The Jones Center
The Contemporary Austin has named Jeff Williams as the 2012 recipient of the Texas Prize, an ongoing program highlighting talented, under-recognized professional artists working in the Lone Star state. An internationally-respected jury selected Austin-based Williams from among three finalists – Williams, Jamal Cyrus, and Will Henry – vying for the revered prize in an exhibition of new work at the museum’s Jones Center location. The winner was announced at a private event on the evening of May 18, 2012. The $30,000 prize is the nation’s largest regional visual arts award specifically honoring emerging artists.
With his selection, Williams joins the esteemed ranks of the two previous Texas Prize winners: Eileen Maxson (2005) and Katrina Moorhead (2007), each of whom has since developed a noteworthy presence on the international art stage.
“The members of the jury would like to congratulate all of the finalists,” the jurors explained in a joint statement, “Each of whom produced an impressive and surprising body of new work for the Texas Prize exhibition. Although the decision was not unanimous, the majority of the jury felt that Jeff Williams was the most deserving of this year’s prize. Williams’ work deployed a fascinating range of materials and chemicals to activate subtle transformations in the space of the gallery. His installation was remarkable for the way in which it addressed the complex geographical and architectural history of the exhibition site and used an inventive sculptural approach to mark intersecting and distinct measures of time.”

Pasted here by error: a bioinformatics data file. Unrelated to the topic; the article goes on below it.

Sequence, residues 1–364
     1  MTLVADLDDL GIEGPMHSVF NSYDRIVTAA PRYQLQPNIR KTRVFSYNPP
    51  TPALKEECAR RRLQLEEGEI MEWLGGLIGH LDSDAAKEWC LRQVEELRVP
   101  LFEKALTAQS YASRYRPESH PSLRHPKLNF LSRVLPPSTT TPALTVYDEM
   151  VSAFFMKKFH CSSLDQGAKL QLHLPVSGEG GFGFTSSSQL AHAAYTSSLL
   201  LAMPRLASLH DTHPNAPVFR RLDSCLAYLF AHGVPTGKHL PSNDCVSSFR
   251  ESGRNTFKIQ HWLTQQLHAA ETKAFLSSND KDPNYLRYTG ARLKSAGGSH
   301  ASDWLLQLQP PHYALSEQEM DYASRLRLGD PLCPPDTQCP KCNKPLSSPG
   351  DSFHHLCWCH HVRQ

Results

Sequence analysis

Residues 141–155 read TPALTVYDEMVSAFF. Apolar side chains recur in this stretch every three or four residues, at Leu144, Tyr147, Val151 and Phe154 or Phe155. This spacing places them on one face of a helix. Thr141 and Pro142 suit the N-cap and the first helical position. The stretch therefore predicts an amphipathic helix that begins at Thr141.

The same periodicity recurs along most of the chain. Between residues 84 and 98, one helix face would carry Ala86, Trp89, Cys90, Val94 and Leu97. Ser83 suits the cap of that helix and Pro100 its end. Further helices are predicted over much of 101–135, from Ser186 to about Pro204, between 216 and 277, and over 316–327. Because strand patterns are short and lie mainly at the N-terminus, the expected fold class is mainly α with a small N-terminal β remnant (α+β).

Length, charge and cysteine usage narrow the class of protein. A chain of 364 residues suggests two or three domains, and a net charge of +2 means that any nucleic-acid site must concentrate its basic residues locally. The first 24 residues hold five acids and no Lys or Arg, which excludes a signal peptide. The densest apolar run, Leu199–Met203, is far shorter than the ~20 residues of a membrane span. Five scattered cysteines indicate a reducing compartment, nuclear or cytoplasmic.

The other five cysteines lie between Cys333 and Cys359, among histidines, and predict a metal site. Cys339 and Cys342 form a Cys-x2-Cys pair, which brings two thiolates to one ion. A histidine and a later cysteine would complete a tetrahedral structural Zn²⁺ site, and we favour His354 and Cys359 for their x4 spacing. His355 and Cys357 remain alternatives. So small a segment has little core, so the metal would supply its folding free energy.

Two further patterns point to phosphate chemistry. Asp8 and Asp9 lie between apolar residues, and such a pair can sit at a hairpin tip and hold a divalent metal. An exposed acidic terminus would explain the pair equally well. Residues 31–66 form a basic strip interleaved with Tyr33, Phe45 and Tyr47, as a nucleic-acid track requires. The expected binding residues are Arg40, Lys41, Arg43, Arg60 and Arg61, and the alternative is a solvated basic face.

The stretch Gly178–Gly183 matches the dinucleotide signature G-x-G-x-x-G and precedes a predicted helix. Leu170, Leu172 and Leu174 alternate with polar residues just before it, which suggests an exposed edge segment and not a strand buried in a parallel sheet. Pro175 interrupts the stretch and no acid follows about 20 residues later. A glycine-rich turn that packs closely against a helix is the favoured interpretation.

In site-specific installations heavily reliant upon construction techniques, Williams responds to and reveals the history latent within a particular place and structure. Of interest to Williams is the narrative told by a building’s architecture, and his techniques often add to or subtract from the very fiber of a site in order to reveal the story at its core.
Williams’ mixed media, site-responsive Texas Prize installation is in close dialogue with the architecture of the Jones Center’s Second Floor Gallery, drawing attention to the elements that change and sculpt our built environment. Chemical solutions slowly degrade Central Texas fossils on weathered Plexiglas sheets resting upon the gallery floor, evidence of some unexplained laboratory experiment or manufacturing process. Videos suspended from the ceiling examine masonry blocks from the original exterior wall of the Jones Center, while liquid sacs evoke gravity and decay as they drip at an undetectably slow pace down the surface of the interior dividing wall. Williams’ work inspires a sensory experience of the gallery, engaging our senses of sight, touch, and smell to consider the effects of time and atmosphere on materials. The temporal installation promises to be dynamic, constantly evolving over the course of the exhibition itself before its inevitable end.
For more about Texas Prize and the other finalists, click HERE.